We've come to the end of the series. While there are many things to know and keep in mind when writing your resume, this series has included the 10 I most need to adjust when writing resumes. It's no easy task to rewrite your resume, and if you get stuck, find a career coach to help.
Commandment #10: Thou shalt not make it too busy
This is an easy one for people to break. It's tempting to use color, lines, italics and a multitude of fonts, but based on conversations I've had with recruiters recently, they prefer less, not more. Now, as with all of these 10 commandments, there are exceptions. I've seen some amazing resumes for graphic artists, or marketing professionals that make sense for their line of business. When and where to use a more embellished resume, is an article for another day. For now, we're talking about the vast majority of people who, while using their network, need to have a resume that is easy to read and easily uploaded to companies' websites.
1. Photos. Personally, I love the idea of your photo on your resume. It's personalized, just like your LinkedIn profile. But, any employer can easily view your LinkedIn profile, with your picture, so leave it for there and not on your resume.
2. Color. Yes, it's a nice touch, and a little color is not a terrible thing. But keep it simple. We'll talk about lines in a moment. If you use a line, go ahead and throw your color in there. It's clean. It's simple. It's not distracting.
3. Lines. Yes, lines. I see them overused all the time. One line at the top to separate your contact information from the body of your resume is fine. But to separate each section with lines is a bit of overkill. I'm sure there are people out there who disagree, but recruiters I speak to don't like them. And, after all, we're trying to please them, right? They are the gatekeepers between you and hiring managers.
4. Italics. This is probably the most overused formatting I see. Don't italicize things like your job titles or company names. Use them judiciously and only when appropriate. Save the use of italics for something truly noteworthy on your resume.
5. Multiple Fonts. Yes, this one is interesting. The overall impression one gets reviewing a resume with multiple fonts is that the writer didn't pay attention to fonts and inadvertently used more than one. Now, this is NOT the impression you want to give. There are three fonts commonly recommended for resumes: Arial, Times New Roman and Calibri. Calibri is my favorite. Select all text, change the font to your choice, then adjust the font sizes to bring attention to certain items.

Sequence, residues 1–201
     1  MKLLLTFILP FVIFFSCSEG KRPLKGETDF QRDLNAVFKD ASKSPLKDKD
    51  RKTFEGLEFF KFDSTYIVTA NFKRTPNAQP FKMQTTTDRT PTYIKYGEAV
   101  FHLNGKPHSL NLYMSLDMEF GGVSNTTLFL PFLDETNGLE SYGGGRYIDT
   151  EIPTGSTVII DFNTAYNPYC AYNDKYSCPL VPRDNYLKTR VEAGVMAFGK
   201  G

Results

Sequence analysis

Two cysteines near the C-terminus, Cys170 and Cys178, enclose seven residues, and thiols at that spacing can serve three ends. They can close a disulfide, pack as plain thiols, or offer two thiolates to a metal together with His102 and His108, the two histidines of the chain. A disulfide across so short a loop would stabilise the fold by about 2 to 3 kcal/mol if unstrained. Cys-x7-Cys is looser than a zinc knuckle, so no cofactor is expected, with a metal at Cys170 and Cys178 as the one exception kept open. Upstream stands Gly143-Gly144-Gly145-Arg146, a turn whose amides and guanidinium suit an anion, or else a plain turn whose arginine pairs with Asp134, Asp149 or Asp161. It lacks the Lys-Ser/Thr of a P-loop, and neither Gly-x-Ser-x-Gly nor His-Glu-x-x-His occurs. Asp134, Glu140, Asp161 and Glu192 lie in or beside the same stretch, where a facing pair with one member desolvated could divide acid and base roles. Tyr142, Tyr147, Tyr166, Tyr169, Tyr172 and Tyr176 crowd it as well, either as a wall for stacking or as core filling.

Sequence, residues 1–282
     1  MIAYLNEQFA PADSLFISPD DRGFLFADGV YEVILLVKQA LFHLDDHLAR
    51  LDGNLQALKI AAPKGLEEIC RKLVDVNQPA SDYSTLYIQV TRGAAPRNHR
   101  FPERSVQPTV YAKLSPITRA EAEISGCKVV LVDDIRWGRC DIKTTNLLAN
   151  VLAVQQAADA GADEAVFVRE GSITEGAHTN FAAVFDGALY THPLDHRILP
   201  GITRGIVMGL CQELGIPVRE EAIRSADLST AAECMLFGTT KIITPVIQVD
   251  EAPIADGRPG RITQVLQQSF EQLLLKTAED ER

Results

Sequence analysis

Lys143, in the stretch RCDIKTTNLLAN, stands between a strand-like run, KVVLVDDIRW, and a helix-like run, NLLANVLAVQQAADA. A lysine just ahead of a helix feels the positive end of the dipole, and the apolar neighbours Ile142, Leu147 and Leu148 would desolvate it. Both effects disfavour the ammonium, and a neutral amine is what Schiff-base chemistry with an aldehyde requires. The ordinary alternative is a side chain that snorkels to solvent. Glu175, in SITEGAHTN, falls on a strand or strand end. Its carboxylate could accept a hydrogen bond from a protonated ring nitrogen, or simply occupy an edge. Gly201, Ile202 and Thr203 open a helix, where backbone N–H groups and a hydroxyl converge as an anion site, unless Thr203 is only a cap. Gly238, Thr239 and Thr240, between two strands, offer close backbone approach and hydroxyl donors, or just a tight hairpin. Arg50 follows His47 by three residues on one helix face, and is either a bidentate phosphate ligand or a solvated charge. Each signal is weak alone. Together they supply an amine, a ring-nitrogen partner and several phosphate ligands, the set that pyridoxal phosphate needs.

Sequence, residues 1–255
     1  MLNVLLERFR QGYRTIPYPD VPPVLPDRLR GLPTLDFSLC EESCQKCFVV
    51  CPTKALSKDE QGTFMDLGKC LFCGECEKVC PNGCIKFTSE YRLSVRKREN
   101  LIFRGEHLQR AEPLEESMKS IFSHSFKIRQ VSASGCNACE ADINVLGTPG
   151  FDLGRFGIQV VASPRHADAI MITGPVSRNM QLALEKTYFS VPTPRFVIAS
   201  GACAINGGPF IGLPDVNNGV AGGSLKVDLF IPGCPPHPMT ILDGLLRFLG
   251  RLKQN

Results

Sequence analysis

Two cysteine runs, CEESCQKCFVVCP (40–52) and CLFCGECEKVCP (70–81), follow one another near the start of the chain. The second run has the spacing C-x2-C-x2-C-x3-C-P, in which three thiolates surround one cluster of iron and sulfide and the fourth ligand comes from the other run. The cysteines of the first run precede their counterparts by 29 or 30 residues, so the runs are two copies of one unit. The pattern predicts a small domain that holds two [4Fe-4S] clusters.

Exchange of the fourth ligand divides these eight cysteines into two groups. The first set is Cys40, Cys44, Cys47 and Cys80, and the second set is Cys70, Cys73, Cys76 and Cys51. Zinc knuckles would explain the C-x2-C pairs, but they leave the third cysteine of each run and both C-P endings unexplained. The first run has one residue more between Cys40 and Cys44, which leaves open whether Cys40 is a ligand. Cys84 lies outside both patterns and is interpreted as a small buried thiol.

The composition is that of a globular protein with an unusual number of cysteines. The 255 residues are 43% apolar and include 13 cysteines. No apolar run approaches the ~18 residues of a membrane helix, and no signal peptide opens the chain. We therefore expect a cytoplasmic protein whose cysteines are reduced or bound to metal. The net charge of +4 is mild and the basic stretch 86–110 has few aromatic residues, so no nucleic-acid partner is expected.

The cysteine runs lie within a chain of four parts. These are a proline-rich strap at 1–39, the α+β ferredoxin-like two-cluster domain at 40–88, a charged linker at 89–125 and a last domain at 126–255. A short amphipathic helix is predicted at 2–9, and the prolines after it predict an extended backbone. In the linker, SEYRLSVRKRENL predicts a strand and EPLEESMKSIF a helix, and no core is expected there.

6. Font Size. Overall, you want your resume to be easily readable to all. Generally, fonts 10-12 are acceptable, although I find 10 in most fonts too small. Again, I recommend Calibri 11 for most of the resume. It's easily readable for most generations. Do NOT be tempted to make the font smaller to fit your resume onto fewer pages! Spend some time reducing the word volume. Remember my Mark Twain mantra, "If I had more time, it would be shorter."
Convert your resume to Calibri 11 (or Arial or Times New Roman). Here are my recommended adjustments:
Name. At the very top of your resume, use all caps, bold and font size14.
Headers. This is for the words preceding each section (Summary, Work Experience, Education). I like to see them centered and reduced to font size 10. After all, these headers are simply used as a reading guide. We don't want to draw attention to them. We want the reader to notice our accomplishments.
The above are the only time I change font size on resumes I write. Of course, you have your own preferences. These are simply guidelines and my recommendations. The only other embellishments I'd use in formatting is to bold the following: Company name, titles, total years of employment, degrees, publication titles, and certifications, all in the same size font as the rest of the resume.
That's it! You've now got all 10 of my commandments. Yes, there are lots of views about resumes. That's what makes them somewhat of an art. But remember, while it's YOUR resume, it's written for the RECRUITER and HIRING MANAGER, not you. Present it in such a way that the reader wants to keep reading, and ultimately, wants to call you in for an interview.